NASA’s Bruce Anderson actually went aloft to follow in the turbulent wake of a contrail. He came up with a theory for the role of contrails in causing atmospheric moisture to condense into clouds.
“We do know that the sulfur in the fuel from aircraft generate aerosol particles, and those in turn can influence the formation of clouds,” Anderson said.
   Could jet-caused clouds be enough to affect climate?
   “The number of clear days over the U.S. has decreased in the last 30 years, and we suspect that much of that is due to an increase in cirrus clouds, which we suspect is probably due to an increase in air traffic,” Minnis said.
   And if such clouds trap heat, could they even contribute to global warming?
   That connection to the greenhouse effect is still murky. But there is evidence that contrail clouds can have a big impact on weather patterns. Last year, in the wake of Hurricane Nora, researchers got their most dramatic view yet: Moist air blanketed the nation’s midsection from Nebraska to Texas, and scores of contrails fused into one enormous cloud — stretching for more than 800 miles.
     Part of its Atmospheric Effects of Aviation Project, NASA has placed much of the
research data on the Web.

The Atmospheric Effects of Aviation Project

For the past 10 years NASA has held a conference on The Atmospheric Effects of Aviation Project (AEAP). Several hundred researchers from around the world attend annually. In 1997 Researchers from NASA Langley Research Center in Hampton, Virginia, presented evidence that contrails are contributing to global warming and causing local effects over areas with heavy air traffic. This was reported by Jim Scanlon a journalist in attendance at the conference. He also reports that Fred Singer held a session where he presented a session that argued that the steady increase in air traffic for the last 20 years was responsible for the nighttime warming detected over North America.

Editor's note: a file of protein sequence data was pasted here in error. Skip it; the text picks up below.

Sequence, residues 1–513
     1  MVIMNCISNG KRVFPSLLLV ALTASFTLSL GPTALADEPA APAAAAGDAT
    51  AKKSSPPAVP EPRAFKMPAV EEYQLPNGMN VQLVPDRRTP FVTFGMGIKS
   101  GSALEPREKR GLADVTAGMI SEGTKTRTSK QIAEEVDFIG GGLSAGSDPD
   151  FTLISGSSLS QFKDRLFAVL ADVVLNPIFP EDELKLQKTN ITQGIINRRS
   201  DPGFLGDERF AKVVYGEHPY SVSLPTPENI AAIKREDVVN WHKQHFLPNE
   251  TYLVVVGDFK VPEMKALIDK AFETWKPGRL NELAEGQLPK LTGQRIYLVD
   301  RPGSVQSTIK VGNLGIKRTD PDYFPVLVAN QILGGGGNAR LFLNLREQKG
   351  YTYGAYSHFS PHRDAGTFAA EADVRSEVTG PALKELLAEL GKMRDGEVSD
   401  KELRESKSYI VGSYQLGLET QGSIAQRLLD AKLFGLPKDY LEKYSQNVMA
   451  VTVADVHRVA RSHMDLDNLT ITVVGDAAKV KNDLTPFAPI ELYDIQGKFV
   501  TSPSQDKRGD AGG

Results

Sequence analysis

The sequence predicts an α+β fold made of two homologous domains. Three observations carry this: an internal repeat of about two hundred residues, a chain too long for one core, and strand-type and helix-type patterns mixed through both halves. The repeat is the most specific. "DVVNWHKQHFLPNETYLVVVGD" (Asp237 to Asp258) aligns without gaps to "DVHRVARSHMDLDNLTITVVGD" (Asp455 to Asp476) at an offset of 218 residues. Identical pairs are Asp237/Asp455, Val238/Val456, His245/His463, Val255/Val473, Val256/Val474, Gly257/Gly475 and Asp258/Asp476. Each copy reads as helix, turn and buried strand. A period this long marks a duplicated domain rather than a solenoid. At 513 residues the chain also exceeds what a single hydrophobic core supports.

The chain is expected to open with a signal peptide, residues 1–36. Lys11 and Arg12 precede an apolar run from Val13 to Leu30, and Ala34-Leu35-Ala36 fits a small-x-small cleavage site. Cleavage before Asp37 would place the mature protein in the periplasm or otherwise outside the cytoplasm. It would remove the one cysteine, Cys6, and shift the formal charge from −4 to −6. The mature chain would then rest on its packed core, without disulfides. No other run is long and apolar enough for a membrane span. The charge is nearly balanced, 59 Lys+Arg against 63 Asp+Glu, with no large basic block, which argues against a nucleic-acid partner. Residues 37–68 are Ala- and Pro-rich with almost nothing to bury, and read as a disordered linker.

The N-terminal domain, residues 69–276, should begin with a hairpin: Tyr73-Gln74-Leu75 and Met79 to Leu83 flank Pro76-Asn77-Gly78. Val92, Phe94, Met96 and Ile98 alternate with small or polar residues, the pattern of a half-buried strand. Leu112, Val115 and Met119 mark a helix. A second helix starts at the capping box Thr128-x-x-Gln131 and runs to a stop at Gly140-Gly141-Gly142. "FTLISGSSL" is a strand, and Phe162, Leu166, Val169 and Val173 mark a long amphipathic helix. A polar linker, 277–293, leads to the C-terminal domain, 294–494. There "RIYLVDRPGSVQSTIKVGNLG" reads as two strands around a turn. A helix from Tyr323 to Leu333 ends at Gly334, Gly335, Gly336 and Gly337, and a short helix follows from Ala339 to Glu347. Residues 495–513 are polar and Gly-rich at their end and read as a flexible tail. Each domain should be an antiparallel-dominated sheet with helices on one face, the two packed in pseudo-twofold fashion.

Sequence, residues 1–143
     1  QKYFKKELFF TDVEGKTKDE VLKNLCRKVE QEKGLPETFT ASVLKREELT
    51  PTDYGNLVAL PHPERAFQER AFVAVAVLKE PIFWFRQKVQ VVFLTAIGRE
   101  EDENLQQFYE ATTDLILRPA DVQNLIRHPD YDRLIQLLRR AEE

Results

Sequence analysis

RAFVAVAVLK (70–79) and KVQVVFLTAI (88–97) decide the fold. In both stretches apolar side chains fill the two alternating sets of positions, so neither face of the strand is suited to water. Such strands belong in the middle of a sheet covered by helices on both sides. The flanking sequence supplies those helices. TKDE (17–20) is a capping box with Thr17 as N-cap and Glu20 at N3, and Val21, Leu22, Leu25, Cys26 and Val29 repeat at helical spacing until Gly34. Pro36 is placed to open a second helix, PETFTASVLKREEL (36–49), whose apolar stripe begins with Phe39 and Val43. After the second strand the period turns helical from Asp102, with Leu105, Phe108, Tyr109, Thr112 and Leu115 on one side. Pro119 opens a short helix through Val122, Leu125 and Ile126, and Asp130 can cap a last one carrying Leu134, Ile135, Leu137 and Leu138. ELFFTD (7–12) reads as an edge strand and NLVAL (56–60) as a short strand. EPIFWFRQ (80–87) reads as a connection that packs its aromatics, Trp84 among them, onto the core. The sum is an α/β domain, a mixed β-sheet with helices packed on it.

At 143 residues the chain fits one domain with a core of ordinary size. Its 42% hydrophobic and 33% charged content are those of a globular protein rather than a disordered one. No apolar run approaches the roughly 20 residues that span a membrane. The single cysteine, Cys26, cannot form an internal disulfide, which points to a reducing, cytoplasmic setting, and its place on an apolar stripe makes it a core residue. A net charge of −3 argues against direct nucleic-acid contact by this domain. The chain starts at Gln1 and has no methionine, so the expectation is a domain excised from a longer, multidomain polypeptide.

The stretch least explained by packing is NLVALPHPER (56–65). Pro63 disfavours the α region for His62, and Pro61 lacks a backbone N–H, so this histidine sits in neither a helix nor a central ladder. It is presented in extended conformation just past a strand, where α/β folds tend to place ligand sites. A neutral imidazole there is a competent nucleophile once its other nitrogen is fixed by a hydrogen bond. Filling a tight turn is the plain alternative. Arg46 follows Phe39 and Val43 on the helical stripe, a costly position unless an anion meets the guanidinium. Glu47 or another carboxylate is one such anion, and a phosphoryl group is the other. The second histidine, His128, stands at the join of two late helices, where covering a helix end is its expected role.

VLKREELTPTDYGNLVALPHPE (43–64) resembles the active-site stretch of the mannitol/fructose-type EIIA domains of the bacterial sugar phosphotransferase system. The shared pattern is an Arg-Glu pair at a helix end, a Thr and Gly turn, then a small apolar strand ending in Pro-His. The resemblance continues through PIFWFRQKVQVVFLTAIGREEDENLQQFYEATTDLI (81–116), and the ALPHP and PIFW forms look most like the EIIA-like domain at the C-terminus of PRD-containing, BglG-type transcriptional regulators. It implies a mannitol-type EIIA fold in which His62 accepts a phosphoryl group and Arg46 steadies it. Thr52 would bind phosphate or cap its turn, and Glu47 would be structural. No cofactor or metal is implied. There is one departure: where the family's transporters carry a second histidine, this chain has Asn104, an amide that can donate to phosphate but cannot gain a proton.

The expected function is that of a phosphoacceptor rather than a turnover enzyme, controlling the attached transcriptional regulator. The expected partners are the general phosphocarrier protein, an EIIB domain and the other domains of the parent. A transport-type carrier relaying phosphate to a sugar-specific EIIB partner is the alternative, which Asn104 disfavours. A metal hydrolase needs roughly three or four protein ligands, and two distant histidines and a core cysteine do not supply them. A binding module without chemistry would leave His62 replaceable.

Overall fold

The Atmospheric Effects of Aviation Project (AEAP) consists of two major efforts to assess the effect of aircraft on the atmosphere. The Atmospheric Effects of Stratospheric Aircraft (AESA), sponsored by the High-Speed Research (HSR) Program at Langley Research Center, is a study of the potential effects of the operation of a projected future fleet of high speed civil transport aircraft (HSCTs). The Subsonic Assessment program (SASS) is a study of the effects of the present subsonic aircraft fleet and of projected future subsonic fleets, and is sponsored by the Advanced Subsonics Technology Program (AST) at Langley Research Center. Objective Develop scientific basis for assessment of atmospheric impact of subsonic and supersonic aviation, particularly commercial aircraft cruise emissions.